Defence budget facing nearly $1 billion in cuts, chief of defence staff says

Wayne Eyre said the defence department’s piece of the $15 billion in cuts from across the government will hurt

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OTTAWA – Canada’s top general revealed on Thursday that the armed forces is facing nearly $1 billion in cuts by the Liberal government, saying that military leaders are struggling to understand the change as the forces deal with more pressures in an unstable world.

Speaking to MPs Thursday during a meeting of the defence committee, Chief of Defence Staff Wayne Eyre was asked about proposals to cut $15 billion across the government, which the Liberals promised to do in the spring budget.

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Eyre said the Defence Department’s piece of that cut will hurt.

“There’s no way that you can take almost $1 billion out of the defence budget and not have an impact, so this is something that we’re wrestling with now,” he told MPs.

Eyre said he had been discussing the cuts with military leaders and they’re struggling to understand the change.

“Our people see the degrading declining security situation around the world and so trying to explain this to them is very difficult,” he said.

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Conservative Defence critic MP James Bezan said he hopes the military doesn’t weaken its readiness with these cuts.

“I sure hope we’re not going to hear stories that we can’t afford to put the fuel in the tanks and train guys in armour, we’re not going to put diesel in the ships and not have the Navy go out there and training, we can’t afford to do maintenance on our tanks,” he said. “We have to make sure we continue to move forward in training and operations.”

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Deputy Minister of Defence Bill Matthews said the department is looking at ways to ensure the cuts don’t hurt the ability of the military to fight.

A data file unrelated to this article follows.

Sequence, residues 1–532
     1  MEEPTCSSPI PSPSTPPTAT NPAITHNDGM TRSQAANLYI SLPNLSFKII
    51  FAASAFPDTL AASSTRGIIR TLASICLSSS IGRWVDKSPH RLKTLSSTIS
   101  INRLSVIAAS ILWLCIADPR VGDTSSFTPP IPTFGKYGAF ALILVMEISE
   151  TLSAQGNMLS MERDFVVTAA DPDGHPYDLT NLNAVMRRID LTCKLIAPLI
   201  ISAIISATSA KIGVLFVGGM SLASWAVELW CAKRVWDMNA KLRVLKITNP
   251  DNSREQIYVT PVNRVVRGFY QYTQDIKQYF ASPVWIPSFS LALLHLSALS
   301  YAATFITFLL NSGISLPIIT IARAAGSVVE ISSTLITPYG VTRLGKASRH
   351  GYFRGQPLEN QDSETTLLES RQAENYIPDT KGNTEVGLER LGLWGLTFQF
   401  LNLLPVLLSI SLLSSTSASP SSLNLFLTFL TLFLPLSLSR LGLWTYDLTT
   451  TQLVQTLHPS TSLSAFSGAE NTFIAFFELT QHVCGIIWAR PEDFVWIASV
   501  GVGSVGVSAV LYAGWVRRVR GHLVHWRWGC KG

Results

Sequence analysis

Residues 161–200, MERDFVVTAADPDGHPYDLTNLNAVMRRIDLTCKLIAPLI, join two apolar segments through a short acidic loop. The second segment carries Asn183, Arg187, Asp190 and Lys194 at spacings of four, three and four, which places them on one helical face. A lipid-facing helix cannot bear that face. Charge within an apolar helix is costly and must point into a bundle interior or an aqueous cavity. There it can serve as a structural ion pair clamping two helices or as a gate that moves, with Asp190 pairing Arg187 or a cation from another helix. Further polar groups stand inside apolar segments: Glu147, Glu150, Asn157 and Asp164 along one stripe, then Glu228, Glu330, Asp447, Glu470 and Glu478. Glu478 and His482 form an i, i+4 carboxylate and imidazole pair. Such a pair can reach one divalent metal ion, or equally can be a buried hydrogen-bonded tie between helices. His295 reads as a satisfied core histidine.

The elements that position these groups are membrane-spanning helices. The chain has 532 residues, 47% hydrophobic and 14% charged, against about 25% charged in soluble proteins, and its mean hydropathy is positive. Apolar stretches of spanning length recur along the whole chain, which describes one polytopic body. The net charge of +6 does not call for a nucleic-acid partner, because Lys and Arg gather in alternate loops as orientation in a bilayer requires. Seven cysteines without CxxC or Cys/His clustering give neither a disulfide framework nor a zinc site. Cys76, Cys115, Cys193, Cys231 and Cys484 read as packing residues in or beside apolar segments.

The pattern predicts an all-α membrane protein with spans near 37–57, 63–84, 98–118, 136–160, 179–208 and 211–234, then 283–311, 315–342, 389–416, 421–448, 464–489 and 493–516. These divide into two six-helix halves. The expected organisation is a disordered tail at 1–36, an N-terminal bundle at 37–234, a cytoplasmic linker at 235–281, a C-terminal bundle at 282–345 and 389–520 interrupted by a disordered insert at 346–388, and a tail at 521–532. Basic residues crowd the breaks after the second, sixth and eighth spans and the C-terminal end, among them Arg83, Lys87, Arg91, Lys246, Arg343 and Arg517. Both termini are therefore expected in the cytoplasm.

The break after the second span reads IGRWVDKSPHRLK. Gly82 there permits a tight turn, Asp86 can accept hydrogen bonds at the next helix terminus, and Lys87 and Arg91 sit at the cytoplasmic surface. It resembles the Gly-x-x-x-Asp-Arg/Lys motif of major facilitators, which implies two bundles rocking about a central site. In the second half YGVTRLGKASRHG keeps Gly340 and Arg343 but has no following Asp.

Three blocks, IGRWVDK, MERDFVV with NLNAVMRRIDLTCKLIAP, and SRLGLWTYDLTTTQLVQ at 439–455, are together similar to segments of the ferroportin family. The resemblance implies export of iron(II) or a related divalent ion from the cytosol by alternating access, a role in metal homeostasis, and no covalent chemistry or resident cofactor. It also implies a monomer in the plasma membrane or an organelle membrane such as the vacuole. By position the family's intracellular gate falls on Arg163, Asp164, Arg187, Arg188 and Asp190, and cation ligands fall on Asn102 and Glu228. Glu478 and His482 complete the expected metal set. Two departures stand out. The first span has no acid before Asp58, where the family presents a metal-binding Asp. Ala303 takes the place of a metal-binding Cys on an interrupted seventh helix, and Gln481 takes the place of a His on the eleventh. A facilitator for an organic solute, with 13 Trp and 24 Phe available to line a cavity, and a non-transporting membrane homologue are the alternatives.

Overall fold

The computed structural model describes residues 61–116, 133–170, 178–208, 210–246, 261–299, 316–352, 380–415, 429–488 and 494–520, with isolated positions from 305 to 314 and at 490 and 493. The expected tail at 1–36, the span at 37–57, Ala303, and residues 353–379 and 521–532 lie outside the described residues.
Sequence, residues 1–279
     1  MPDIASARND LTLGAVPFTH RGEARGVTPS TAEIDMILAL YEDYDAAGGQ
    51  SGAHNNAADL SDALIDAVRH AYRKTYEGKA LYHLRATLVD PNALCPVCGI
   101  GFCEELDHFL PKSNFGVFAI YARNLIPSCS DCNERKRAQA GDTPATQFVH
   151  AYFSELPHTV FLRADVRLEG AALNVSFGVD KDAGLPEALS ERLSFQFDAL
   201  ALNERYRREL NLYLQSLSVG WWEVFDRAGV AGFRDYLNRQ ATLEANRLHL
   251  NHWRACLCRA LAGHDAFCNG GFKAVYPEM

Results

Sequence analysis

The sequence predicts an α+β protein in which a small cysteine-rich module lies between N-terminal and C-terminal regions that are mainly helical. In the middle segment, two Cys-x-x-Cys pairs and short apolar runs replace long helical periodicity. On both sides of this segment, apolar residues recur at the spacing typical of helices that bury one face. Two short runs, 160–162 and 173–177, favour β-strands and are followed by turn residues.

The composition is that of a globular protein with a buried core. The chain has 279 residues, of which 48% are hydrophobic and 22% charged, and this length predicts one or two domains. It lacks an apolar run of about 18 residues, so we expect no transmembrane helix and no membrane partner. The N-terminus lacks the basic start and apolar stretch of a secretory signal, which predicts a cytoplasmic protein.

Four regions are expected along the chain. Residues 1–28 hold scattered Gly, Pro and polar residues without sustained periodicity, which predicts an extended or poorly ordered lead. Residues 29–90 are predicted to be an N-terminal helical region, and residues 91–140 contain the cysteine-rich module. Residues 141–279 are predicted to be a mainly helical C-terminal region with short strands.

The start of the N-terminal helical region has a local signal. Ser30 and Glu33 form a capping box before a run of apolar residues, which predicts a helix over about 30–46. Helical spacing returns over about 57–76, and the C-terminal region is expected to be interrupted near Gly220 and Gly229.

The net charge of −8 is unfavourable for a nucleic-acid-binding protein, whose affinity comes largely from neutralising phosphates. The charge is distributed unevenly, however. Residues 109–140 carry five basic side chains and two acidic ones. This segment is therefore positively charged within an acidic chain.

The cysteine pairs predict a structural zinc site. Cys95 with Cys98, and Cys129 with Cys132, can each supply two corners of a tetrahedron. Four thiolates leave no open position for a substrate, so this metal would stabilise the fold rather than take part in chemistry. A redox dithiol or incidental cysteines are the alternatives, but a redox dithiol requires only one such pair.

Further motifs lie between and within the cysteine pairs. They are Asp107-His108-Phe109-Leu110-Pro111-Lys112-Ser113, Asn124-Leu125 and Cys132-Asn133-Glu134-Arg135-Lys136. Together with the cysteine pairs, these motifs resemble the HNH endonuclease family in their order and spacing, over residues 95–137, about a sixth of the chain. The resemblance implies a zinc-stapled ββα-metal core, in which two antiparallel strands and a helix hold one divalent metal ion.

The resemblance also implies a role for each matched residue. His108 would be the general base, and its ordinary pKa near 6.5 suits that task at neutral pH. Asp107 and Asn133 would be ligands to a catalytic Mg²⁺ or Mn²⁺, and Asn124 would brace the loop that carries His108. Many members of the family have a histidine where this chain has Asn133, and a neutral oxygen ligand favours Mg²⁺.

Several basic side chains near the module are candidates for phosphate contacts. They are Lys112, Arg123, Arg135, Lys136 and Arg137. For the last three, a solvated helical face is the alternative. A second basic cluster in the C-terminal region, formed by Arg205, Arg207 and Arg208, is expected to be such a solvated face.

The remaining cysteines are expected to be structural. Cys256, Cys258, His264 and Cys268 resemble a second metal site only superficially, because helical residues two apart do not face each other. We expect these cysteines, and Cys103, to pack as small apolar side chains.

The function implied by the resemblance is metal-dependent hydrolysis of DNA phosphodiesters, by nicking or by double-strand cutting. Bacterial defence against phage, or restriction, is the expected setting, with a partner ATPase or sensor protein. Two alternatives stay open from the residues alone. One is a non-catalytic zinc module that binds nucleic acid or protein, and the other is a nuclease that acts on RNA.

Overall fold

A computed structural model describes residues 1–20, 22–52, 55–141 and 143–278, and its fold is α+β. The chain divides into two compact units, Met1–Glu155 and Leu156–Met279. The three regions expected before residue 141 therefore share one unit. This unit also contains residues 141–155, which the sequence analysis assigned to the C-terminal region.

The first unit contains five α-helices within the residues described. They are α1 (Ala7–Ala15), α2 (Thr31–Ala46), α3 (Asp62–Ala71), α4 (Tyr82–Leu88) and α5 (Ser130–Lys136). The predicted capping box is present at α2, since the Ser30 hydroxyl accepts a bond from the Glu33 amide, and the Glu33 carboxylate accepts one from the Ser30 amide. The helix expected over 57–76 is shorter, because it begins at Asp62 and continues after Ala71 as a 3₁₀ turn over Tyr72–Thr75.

“We have to prioritize those decisions so they have the least amount of impact possible acknowledging that there will be impact,” he said.

According to the government’s own numbers, Canada is spending about 1.3 per cent of its GDP on defence, well short of the two per cent the country has pledged to spend as a NATO member.

Treasury Board President Anita Anand has asked all departments to find three per cent savings to their budget in an effort to save $15 billion. The defence budget for the 2023-2024 fiscal year is $26.5 billion.

Eyre said the budget cuts are coming as the forces are doing a lot more deployments for natural disasters. He said that is causing wear on tear on air and vehicle fleets and cutting into time the forces should be training.

He said the military also has to restock the ammunition that has been sent to Ukraine. He said artillery shells in particular need to be restocked.

“We have not produced one additional round of ammunition in this country since February of 2022,” he said. “In order to continue to ensure that we’ve got our own proper stocks and to ensure that we can continue to support Ukraine for the long term, the accelerated production of artillery ammunition is extremely important.”

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Eyre said all of Canada’s ammunition stocks need to be resupplied and there simply isn’t the contract or companies in place to do many of it.

“If we were to consume munitions, the same rate that we’re seeing them in Ukraine, we would be out in some cases in days, and it would take years to restock.”

Eyre also told committee members that the forces is about 16,000 people short and has taken more aggressive recruiting steps to try and address that shortfall.

He said there are 10,000 people training and the military has recently made changes with shorter navy contracts and opening up military service to permanent residents.

Defence Minister Bill Blair said they believe they are starting to turn that around.

“The number of people joining us is now exceeding, for the first time in your three years, the attrition, the people that are leaving, and that is good news.”


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